I forget where I found this recipe, but it’s solid gold. I have used on loads of meats and vegetables alike, so it’s versatile. And we often smoke meats on our charcoal bbq. The husband doesn’t like ribs with anything but this rub on it. Give it a go.
Creole Dry Rub:
2 TBSP + 1.5 TEA Paprika
2 TBSP Garlic Powder
1 TBSP ea: Onion Powder, Dry Oregano, Dry Thyme, Cayenne, Black Pepper
1 TEA Salt
Pour all into a small mason jar, give it a shake, and rub it all over generously all over your chicken, pork, beef and other.
I often double this recipe to have some on hand at a moment’s notice when cooking in the kitchen since it can be sprinkled over roasted veg or into a lovely breakfast hash.
For the coming months when it’s too hot to turn on even the broiler for five minutes, I bring you Eggplant Parmesan made on the stovetop.
Yes, I know you don’t like eggplant, but perhaps someone else you know does?
The idea is the same as a traditionally made eggplant parm but you forego the lovely browned cheese on each of the crispy breaded eggplant round medallion slices.
It starts out by laying some paper towel on a plate and putting 1/2″ eggplant slices on it. Salt both sides, and prick each medallion. Microwave them for 1 to 1.5 minutes, checking at the 1 minute mark for doneness. Remove any that are foldable; continue microwaving the thicker cuts.
Set up your basic 3 Stage Dredge Station:
1. Flour + S&P in the first bowl
2. Egg whisked up in the second bowl
3. Panko + Italian Seasoning in the third bowl
While your hot pan is heating up some oil, quickly flour, wash, and coat a few slices to drop in the hot pan over the oil. Continue dredging a few more medallions as you check the colour on the first batch. Flip when you hit a nice looking crust. Add a bit more oil around the first few and drop the second batch down to brown.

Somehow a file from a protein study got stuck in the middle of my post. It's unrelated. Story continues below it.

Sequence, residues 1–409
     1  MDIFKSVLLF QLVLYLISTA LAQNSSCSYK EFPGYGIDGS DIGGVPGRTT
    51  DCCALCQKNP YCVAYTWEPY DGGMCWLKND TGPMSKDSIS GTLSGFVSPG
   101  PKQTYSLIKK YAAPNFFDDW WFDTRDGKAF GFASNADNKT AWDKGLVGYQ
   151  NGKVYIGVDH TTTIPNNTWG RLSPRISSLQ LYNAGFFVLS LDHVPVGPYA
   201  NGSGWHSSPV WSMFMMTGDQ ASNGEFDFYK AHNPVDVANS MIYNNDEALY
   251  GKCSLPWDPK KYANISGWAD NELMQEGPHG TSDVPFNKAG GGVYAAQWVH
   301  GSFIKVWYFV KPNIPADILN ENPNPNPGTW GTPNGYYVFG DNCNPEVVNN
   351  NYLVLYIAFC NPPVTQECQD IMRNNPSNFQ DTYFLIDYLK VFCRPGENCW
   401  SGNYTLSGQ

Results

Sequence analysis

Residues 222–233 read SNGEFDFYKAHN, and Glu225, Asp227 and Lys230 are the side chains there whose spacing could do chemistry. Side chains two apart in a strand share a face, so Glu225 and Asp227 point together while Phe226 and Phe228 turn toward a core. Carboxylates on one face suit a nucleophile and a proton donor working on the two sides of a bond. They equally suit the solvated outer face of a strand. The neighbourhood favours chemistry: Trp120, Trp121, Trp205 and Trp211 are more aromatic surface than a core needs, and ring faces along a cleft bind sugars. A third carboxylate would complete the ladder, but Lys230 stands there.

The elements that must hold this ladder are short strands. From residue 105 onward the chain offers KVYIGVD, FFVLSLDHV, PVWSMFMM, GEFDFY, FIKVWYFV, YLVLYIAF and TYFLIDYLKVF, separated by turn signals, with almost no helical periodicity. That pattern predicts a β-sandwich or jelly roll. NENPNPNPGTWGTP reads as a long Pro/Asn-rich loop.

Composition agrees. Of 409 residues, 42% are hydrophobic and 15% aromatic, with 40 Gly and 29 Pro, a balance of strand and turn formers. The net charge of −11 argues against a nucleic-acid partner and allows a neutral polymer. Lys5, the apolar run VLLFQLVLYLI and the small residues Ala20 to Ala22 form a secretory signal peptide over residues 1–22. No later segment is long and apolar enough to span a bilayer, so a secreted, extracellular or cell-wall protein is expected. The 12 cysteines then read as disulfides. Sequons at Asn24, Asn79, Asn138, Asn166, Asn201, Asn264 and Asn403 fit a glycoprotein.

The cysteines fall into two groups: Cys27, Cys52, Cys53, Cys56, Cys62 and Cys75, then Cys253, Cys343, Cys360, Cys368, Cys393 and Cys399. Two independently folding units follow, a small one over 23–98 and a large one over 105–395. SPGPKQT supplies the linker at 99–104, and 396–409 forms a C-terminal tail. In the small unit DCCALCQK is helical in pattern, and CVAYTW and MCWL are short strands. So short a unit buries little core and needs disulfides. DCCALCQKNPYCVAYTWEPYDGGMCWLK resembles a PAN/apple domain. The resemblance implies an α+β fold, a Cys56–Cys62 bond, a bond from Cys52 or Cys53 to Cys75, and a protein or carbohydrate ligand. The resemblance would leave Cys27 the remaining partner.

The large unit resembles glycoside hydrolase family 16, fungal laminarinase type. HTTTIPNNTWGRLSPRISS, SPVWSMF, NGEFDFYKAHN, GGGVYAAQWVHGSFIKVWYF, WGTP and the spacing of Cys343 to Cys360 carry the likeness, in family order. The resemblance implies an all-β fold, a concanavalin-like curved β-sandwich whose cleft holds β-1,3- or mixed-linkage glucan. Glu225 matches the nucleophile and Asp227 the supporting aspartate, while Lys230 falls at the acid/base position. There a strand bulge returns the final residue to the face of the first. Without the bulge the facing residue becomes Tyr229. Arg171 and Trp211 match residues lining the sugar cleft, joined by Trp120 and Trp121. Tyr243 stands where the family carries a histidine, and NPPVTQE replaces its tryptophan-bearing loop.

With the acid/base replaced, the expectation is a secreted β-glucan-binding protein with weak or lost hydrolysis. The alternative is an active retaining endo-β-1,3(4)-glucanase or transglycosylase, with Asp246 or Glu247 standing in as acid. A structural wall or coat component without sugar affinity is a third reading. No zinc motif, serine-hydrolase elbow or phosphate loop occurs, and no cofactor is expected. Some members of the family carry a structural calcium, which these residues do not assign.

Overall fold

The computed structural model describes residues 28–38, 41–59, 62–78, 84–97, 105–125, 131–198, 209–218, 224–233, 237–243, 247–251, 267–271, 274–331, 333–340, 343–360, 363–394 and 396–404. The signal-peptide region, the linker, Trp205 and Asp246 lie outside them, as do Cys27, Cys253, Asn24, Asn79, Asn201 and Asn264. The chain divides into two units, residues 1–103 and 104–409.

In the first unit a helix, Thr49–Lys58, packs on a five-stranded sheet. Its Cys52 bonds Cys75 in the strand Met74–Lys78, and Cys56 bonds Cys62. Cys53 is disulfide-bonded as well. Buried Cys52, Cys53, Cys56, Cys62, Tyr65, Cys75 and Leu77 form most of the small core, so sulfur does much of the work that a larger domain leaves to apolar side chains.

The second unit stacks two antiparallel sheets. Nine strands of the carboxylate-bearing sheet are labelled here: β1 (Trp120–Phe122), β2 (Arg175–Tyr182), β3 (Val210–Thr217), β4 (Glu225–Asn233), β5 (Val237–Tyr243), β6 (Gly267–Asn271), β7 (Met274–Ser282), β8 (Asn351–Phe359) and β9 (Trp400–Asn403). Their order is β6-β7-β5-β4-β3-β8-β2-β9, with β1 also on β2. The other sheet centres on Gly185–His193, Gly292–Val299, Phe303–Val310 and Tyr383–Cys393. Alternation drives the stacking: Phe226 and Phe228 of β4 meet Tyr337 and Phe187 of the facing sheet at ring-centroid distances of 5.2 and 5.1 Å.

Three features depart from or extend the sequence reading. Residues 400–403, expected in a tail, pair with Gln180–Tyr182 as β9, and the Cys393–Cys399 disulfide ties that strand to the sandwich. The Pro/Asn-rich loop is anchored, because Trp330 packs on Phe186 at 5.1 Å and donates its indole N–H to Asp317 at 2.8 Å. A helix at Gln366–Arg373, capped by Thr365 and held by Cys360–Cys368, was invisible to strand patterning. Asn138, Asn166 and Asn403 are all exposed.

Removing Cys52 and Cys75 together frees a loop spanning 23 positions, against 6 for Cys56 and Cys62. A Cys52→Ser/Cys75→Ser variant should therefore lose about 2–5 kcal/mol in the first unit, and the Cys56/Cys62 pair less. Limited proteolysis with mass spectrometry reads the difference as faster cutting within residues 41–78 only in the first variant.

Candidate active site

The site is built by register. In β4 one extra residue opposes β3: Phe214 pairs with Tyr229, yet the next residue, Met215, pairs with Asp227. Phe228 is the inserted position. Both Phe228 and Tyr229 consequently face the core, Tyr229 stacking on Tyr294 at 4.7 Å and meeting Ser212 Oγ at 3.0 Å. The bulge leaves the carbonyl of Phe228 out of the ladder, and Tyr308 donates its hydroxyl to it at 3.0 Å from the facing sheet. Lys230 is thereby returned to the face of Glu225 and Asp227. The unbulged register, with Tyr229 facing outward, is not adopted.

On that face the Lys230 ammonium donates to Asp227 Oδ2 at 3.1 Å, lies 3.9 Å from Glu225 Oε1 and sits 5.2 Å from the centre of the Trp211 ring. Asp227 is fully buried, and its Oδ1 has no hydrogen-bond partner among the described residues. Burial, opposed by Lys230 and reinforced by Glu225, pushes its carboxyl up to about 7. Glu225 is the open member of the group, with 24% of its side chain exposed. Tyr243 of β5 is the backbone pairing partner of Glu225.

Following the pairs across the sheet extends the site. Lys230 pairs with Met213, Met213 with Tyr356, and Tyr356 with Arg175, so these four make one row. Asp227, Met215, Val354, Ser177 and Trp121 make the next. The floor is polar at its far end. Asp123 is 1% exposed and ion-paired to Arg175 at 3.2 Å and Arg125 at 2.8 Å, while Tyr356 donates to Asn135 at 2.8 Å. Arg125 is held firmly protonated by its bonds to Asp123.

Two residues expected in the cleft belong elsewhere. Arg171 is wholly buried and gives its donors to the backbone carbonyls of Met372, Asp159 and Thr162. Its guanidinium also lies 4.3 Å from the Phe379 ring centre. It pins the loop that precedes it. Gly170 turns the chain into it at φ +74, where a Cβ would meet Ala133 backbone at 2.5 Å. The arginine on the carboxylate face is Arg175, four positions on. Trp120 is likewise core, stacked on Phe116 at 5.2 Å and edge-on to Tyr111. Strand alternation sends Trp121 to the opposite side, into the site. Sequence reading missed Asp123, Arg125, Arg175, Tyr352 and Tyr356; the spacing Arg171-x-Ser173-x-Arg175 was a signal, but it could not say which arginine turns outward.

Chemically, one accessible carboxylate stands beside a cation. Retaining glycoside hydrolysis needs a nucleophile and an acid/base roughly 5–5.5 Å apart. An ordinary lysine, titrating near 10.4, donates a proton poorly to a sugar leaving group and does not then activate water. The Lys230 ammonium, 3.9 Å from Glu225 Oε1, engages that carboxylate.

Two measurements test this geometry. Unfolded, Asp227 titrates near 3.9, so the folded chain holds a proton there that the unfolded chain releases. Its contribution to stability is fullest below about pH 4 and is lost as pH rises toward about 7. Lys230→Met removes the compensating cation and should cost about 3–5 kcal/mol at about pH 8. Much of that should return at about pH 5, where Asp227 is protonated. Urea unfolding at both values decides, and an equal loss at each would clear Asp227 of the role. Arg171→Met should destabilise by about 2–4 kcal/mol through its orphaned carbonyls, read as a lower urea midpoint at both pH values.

Remove the done medallions to rest on a wire rack over paper towel until all the slices have been fried. Wipe out the pan’s dirty oil, and add a tomato sauce of your choice. Plunk the eggplant medallions into the hot ragu (being careful not the fully submerge both sides). Cut or grate some mozzarella cheese and place some on each eggplant slice.
Place a lid (or a big sheet pan if you don’t have a matching lid) over top of the pan to let the cheese melt as everything hits the same temperature.
Fish out two slices and place them on lovely fresh bun. Top them with a bit of the ragu, and if you like some lettuce and roasted peppers or pickles (I love the crunch and taste contrast here), and EAT!
Have you ever make fajitas at home and thought, “This is missing something.” But you can’t put your finger on it? You know it should be something cold and/or creamy but you already put out the sour cream and that’s just not cutting it? Yeah, I’ve got you covered.
1/2 C ea: Mayo, Sour Cream
1/2 Lime, Juice & Zest
1/2 Tea Honey
1/4 Tea Cumin
Whisk up in a bowl or shake together in a mason jar. Spoon it over your fajitas and prepare to really enjoy your meal.
I discovered this one watching a tv cooking show. It’s going to be in heavy rotation around here this summer, me thinks. I can already imagine it plated beside the smoked ribs we are going to make on our charcoal bbq. Oh, boy!
Santa Fe Salad:
1 sm can Black Beans, rinsed
1 1/2 C Frozen Corn, rinsed to thaw quickly
1/4 C Red Onion, diced
Pinch Cilantro leaves, fine chop (garnish)
2 Limes, Juices
1/4 C Olive Oil
1 Tea ea: Chili Pepper Flakes, Garlic Powder, Honey
Shake the dressing up in a mason jar. Pour over veg mix. Toss in the bowl right before serving.
I love Tex-Mex (and real Mexican food when I get my hands on it). Otherwise, I make what I can at home when I’m in the mood and the produce is at its best throughout the year. One of the easiest sides/toppers for any dish is a little mix called Pico de Gallo. I can’t get enough. *drooling*
Pico de Gallo:
4 large Field Tomatoes (or 6 Romas), 1/4″ dice
1 Red Onion, fine dice
1 bunch Cilantro, fine diced leaves
1/2 Garlic Clove, grated
1 Jalapeno, seeded/fine dice
Big pinch Salt
I find the longer this can sit in the fridge setting up, the better it tastes.